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Return of the REITs

Australian real estate investment trusts are drawing record funds as interest rates fall.

Mentioned: SPDR® Dow Jones Global Real Estt ESG ETF (DJRE), Dexus (DXS), GPT Group (GPT), Mirvac Group (MGR), Vanguard Australian Property Secs ETF (VAP)


 

Yield-hungry investors have driven a surge in market values for Australia’s listed property sector, which has raked in record amounts of capital.

With interest rates seen falling further, the A-REITs could be set for further gains barring an economic downturn, analysts say.

Traditionally considered bond proxies, real estate investment trusts (REITs) have ridden the tailwind of lower interest rates. The Reserve Bank of Australia’s recent cuts to its official cash rate have pushed the benchmark 10-year government bond yield to new lows. A-REITs have also gained from rising property values due to falling capitalisation rates.

The S&P/ASX200 A-REIT index’s one-year return of 14.38 per cent as at 15 July puts it on track for its best year since 2014, when it achieved a net total return of 25 per cent.

Investors have voted with their wallets, tipping in more than $4 billion into the sector so far this year in capital raisings, the most since 2010.

Among those companies to rattle the tin, Dexus (ASX:DXS) raised $964 million, GPT Group (ASX:GPT) $800 million and Mirvac Group (ASX:MGR) $750 million, with investors favouring office and industrial property at the expense of retail.

Unlisted trusts and syndicates have also benefitted, with investors attracted by high yields of up to 8 per cent.

A recent bond offered by GPT for its Wholesale Office Fund was four times oversubscribed, raising some $200 million with a yield of just over 2.5 per cent, according to the Australian Financial Review.

Meanwhile, more REITs are hitting the bourse as the initial public offering market heats up.

Recent listings include the Investec Australia Property Fund (ASX:IAP), which closed its offer early after raising more than $100 million, along with serviced office provider Victory Offices (ASX:VOL), which raised $30 million for its IPO.

As at 15 July, both stocks were trading in positive territory, up 8.9 per cent and 5 per cent, respectively on their IPO prices.

More IPOs are expected, including retail centre owner Home Consortium, which is eyeing a $1 billion sharemarket listing potentially for September, according to media reports.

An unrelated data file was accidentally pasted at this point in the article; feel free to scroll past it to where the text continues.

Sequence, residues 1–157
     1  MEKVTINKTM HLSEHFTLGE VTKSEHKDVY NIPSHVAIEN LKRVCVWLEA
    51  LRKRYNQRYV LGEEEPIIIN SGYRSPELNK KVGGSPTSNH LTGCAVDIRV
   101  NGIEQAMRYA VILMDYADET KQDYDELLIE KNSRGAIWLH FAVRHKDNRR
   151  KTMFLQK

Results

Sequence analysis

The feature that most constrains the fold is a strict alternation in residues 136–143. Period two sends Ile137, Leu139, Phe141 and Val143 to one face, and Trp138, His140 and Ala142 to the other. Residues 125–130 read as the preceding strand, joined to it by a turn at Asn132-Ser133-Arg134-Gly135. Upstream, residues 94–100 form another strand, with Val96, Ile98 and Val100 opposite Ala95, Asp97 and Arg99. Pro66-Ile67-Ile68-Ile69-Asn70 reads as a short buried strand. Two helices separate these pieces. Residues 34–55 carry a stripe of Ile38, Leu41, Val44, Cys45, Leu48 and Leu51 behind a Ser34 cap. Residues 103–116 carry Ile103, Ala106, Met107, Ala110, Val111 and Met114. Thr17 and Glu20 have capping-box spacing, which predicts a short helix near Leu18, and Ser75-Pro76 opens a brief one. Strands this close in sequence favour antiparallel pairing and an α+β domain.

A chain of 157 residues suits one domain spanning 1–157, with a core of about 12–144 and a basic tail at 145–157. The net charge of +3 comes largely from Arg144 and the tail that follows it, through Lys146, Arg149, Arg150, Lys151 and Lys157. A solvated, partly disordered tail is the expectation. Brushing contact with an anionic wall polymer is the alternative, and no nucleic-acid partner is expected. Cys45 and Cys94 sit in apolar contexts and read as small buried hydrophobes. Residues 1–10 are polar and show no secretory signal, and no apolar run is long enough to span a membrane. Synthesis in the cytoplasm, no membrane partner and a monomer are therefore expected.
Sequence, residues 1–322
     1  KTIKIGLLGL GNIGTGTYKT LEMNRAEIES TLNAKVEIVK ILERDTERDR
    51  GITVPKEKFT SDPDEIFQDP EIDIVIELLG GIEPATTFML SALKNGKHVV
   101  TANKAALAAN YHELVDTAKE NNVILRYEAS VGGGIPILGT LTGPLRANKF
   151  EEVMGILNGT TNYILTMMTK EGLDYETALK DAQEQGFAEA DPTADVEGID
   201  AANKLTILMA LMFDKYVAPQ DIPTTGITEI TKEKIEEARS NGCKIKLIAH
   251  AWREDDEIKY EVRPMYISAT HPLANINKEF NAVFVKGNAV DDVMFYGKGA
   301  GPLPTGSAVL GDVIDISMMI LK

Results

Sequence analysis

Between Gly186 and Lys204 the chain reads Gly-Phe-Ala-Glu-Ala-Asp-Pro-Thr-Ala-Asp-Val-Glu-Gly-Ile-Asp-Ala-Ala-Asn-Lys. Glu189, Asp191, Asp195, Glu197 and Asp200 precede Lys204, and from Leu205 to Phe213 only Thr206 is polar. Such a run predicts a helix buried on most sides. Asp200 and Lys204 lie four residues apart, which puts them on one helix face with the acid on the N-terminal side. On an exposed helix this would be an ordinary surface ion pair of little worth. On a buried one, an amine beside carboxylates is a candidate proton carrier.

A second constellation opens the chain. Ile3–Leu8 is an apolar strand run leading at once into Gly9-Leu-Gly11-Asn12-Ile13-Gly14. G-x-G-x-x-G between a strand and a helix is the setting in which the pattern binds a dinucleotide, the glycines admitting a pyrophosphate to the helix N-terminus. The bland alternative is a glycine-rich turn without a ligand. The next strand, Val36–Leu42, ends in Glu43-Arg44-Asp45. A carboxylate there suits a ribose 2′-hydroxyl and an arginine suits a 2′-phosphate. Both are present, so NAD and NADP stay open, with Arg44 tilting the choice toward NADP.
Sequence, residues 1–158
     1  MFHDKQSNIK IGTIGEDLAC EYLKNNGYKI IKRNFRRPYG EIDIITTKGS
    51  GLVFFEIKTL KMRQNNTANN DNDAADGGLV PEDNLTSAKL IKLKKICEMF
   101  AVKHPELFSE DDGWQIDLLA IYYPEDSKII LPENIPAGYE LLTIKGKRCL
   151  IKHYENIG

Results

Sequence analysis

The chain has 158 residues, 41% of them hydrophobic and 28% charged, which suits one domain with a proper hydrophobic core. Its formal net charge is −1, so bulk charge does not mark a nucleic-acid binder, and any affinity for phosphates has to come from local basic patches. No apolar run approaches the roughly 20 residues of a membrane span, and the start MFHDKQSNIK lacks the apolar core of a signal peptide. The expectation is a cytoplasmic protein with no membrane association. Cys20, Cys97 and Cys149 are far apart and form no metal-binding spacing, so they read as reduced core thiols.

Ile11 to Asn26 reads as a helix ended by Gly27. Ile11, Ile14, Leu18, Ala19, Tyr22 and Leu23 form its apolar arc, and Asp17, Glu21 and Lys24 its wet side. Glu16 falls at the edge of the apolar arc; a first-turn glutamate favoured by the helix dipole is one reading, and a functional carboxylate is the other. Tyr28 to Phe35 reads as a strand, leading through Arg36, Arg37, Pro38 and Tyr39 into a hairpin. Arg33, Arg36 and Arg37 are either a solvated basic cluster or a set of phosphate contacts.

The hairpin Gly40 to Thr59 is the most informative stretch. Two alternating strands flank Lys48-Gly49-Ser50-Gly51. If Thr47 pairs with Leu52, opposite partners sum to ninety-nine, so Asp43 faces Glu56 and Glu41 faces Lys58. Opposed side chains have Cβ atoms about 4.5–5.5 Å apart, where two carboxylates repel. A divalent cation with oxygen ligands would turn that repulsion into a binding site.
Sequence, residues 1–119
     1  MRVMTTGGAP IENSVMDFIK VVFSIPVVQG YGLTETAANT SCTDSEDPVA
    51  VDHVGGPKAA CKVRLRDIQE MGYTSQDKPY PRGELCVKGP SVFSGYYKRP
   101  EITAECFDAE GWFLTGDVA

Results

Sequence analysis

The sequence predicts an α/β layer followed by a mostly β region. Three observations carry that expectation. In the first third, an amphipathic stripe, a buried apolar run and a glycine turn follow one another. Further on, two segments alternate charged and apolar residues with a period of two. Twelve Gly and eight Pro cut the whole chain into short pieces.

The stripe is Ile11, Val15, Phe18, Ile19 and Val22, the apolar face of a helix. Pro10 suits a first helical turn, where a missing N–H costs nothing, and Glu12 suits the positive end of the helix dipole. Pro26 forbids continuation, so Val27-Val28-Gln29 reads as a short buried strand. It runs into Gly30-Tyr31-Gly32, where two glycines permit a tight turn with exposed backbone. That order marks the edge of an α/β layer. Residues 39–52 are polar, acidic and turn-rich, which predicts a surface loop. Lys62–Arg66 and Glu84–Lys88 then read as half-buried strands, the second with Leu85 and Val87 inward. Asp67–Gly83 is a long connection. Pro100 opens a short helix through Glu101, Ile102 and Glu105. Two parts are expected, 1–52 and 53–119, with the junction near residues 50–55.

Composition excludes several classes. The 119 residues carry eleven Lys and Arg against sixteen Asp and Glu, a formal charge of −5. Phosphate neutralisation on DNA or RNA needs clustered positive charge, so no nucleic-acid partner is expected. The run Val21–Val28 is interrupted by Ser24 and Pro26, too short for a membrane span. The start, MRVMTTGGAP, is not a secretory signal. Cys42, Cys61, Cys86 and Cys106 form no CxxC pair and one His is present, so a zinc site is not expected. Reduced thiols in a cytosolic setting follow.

A-REIT bulls point to the potential for further rate reductions by the RBA. JP Morgan argues that valuations could rise by another 15 to 30 per cent should return expectations “normalise” at lower bond yields and risk premiums revert to their long-term average.

Overall though, JP Morgan concluded that A-REITs were trading above their valuations, limiting the potential upside.

Morningstar equity analyst Chanaka Gunasekera agrees, indicating that the A-REITs he tracks are trading above “fair value”.

“I suspect this is due to the precipitous fall in the 10-year bond yield, which is at historic lows, notwithstanding the share price gains from falling interest rates that are probably already priced in,” he says.

How to spot the right REIT

Asked what investors should look for in REITs, Gunasekera points to such factors as the location of the properties and their weighted average lease expiry, with blue-chip tenants on long rental terms favoured.

“Look at the type of REIT too. Office REITs are benefitting from cap rates compressing and with supply-demand still in their favour, while logistics is benefitting from online sales,” he says.

“One sector we are particularly favourable towards is storage REITs. In the short term, there are headwinds from house price declines, but there are favourable long-term factors such as population growth and urbanisation; and relative to the US we are a much lower per capita user of storage facilities”.

Retail REITs have come under pressure, however, amid concerns over the challenge from e-commerce and weak consumer spending. Citi analysts have also estimated an $11 billion glut of assets could hit the market in the year ahead, driving down property values.

For Australian investors, exposure to the REIT sector could come from direct equities or via exchange-traded funds (ETFs). Among them, Morningstar has awarded a “gold” rating to the Vanguard Australian Property Securities Index ETF (ASX:VAP), a passive fund that tracks the S&P/ASX300 A-REIT index, while the bronze-rated SPDR Dow Jones Global Real Estate Fund (ASX:DJRE) offers low-cost exposure to global listed property.

Will the good times continue for REITs in fiscal 2020?

Gunasekera says for A-REITs, it depends on RBA policy and the reasons for any further interest rate cuts.

“If the RBA is reducing rates because of a major economic downturn, that would be detrimental as financial markets might freeze up, restricting funding for REITs and constraining cash flows. But if it’s just an insurance-type cut to boost the labour market, then REITs will probably continue to do well,” he says.

 



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